Pirates of the Burning Sea

LAN Ahoy

The lure of piracy is clear: pirates are the rock stars of the sea, nicking what they want, doing things with wenches and cultivating complicated beards. For the last three years Flying Lab Software have promised that their MMORPG, Pirates of the Burning Sea, would give us all the case of scurvy we so rightly desire, and at last they're about to set sail.

Set in the Caribbean of the 18th century, Pirates begins with a question of allegiance: will you fly the flag for England, France or Spain? Or will you simply hoist up the Jolly Roger and declare yourself a pirate? It's not an arbitrary decision: the ports scattered throughout the world have national alliances and tax outsiders accordingly.


And so it was that Privateer Cap'n Lea de Pea (named for my girlfriend, who was threatening to keel-haul me if I didn't) set sail. Each player is the captain of their own ship. After an educational introduction, which shows that the focus is as much on fighting as using your avatar to broker missions and gather information, I set sail to my Spanish home of Vera Cruz.

Dry land is the hub of this game world. You can do a lot with your avatar here, such as visit the tavern, build and maintain your hoard in the warehouse, or develop your skills.

Best of these is to visit the swashbuckling trainers. In one yard I found NPCs swishing swords, and started talking to an elegant lady, the Florentine trainer, who informed me of her desire to teach me to "fight with panache". Then something caught my eye: in the corner, a less classy-looking sort was swiping wildly at the air. Sure enough, he was the Dirty Fighting Skill Trainer, with a full complement of Low Blows, Hostility and Brutal skills.

A few introductory missions that pinged Lea around this land- hub finally got me out to sea, to rescue a few caskets of rum from under pirate noses. Or at least, to the harbour, where normally you're let out into Open Sea to search for adventure and find a port. This time, however, I was delivered straight to an instanced fight between myself and a group of NPC pirates.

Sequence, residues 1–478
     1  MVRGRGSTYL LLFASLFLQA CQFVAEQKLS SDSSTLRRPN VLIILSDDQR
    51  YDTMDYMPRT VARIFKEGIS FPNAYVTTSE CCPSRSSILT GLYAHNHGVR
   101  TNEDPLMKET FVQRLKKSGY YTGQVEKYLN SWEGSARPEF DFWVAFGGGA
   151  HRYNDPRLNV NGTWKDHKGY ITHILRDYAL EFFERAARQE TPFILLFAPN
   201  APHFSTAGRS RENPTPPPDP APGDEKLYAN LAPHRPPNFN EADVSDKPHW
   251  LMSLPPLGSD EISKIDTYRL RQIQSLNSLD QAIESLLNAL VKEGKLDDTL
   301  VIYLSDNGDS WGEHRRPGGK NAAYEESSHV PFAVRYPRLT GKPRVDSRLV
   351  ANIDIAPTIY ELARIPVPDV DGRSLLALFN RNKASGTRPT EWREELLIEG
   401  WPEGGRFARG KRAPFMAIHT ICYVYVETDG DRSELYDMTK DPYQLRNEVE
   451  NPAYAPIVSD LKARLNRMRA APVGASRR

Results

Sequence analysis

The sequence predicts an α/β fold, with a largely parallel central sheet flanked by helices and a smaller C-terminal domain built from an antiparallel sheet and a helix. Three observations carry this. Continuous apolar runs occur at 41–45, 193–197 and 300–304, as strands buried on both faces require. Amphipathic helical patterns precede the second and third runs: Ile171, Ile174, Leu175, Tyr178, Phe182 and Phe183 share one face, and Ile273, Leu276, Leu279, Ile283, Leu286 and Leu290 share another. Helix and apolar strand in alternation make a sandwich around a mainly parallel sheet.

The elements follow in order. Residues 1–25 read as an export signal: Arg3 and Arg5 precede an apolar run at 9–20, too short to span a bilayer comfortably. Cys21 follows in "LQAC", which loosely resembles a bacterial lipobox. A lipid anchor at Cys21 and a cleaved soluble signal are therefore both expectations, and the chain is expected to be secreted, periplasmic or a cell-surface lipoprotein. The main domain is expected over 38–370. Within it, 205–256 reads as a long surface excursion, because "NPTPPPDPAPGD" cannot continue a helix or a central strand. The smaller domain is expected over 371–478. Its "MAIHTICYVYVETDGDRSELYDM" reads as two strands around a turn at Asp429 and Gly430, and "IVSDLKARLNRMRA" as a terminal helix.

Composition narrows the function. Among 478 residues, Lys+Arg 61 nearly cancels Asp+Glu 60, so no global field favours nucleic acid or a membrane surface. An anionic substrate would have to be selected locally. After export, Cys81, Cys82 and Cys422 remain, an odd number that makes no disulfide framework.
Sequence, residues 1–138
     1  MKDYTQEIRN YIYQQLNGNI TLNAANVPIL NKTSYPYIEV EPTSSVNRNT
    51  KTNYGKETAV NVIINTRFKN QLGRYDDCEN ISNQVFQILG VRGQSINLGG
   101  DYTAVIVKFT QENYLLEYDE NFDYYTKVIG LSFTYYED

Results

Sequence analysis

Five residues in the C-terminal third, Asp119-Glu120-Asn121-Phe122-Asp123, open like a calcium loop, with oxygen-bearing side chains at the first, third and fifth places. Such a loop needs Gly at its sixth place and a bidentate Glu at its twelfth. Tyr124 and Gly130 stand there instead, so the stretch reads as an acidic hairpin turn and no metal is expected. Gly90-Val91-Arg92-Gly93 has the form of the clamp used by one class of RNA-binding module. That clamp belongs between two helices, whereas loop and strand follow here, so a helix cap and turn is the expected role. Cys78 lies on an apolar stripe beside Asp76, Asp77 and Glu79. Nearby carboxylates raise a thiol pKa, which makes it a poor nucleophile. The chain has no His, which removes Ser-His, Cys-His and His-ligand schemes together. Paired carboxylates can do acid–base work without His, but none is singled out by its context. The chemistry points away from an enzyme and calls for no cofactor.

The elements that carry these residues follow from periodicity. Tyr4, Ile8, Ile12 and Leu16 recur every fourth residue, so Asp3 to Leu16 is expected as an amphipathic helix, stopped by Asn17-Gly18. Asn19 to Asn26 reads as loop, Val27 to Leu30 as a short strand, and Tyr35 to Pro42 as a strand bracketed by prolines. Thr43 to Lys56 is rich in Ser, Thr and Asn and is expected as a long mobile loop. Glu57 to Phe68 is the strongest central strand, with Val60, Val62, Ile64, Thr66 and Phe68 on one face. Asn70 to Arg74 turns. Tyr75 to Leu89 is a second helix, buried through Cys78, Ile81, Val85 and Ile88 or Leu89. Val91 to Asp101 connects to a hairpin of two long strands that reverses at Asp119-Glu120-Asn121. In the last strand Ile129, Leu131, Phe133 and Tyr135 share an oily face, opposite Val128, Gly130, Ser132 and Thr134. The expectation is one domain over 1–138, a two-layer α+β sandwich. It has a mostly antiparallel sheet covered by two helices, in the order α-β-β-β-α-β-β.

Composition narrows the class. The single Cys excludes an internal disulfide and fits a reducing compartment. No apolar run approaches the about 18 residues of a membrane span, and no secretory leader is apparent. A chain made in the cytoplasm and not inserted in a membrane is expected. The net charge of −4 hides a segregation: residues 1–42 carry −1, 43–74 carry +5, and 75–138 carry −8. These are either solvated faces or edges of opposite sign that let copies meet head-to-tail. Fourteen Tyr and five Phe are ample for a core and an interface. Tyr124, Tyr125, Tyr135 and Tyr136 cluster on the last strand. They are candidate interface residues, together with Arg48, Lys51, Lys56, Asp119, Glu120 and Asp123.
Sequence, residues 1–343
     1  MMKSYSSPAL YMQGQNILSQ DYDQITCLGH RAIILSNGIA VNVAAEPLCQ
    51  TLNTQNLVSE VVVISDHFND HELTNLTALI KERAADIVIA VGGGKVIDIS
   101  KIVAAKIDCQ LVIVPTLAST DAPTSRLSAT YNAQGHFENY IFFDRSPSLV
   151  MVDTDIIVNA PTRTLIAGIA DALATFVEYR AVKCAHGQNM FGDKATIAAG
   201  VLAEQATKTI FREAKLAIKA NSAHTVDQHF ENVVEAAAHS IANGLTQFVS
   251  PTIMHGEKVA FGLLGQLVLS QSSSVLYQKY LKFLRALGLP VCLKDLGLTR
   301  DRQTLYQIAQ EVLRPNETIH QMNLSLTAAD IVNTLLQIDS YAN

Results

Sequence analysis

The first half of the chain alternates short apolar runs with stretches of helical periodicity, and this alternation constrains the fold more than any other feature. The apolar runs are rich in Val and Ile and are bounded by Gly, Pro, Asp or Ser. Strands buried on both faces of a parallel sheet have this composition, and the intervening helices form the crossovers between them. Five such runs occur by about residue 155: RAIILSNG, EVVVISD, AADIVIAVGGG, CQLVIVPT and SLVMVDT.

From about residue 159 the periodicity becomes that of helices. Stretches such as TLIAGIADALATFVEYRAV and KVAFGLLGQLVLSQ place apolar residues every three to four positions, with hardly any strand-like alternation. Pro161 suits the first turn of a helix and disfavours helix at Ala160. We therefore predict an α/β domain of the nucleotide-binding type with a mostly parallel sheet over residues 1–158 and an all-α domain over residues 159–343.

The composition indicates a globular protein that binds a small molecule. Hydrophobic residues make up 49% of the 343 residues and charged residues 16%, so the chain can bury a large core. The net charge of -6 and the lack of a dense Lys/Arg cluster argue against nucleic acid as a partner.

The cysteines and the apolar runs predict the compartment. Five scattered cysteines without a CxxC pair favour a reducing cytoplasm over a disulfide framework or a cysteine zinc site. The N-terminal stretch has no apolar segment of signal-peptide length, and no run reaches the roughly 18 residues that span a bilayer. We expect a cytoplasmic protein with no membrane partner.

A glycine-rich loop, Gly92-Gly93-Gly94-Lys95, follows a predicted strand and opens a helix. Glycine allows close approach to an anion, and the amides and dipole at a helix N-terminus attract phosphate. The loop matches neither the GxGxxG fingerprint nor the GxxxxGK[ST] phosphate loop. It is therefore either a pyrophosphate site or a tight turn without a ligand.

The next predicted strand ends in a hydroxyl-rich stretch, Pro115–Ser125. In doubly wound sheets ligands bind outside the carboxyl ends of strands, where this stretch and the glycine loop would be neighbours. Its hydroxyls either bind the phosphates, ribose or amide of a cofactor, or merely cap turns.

It was quite possible to satisfy the mission objectives, and gather the three floating caskets, without firing a shot - but that's no fun. Nor is sailing particularly complicated: as simple as WASD, in fact, although the addition of enemies to fight makes your choice of speed more relevant. The faster you're travelling, the less accurate you become.

Further up the tactical ladder are opportunities to board other ships, your crew swinging over on ropes in classical pirate fashion to fight mano-a-mano.


There's a lot to more to Pirates of the Burning Sea than the selfish need for self-improvement, too. Nations collide over land ownership issues, and you can take part, first destabilising them and then winning the region via missions. The more regions your race has, the better it is for you in terms of trade and so forth.

There's a huge world to explore, from the traditional ports to the strange area of the Bermuda Triangle. Pirates has some typical MMORPG tropes, but both the area and era make for a interesting take on multiplayer roleplaying. Maybe there is a world beyond Warcraft.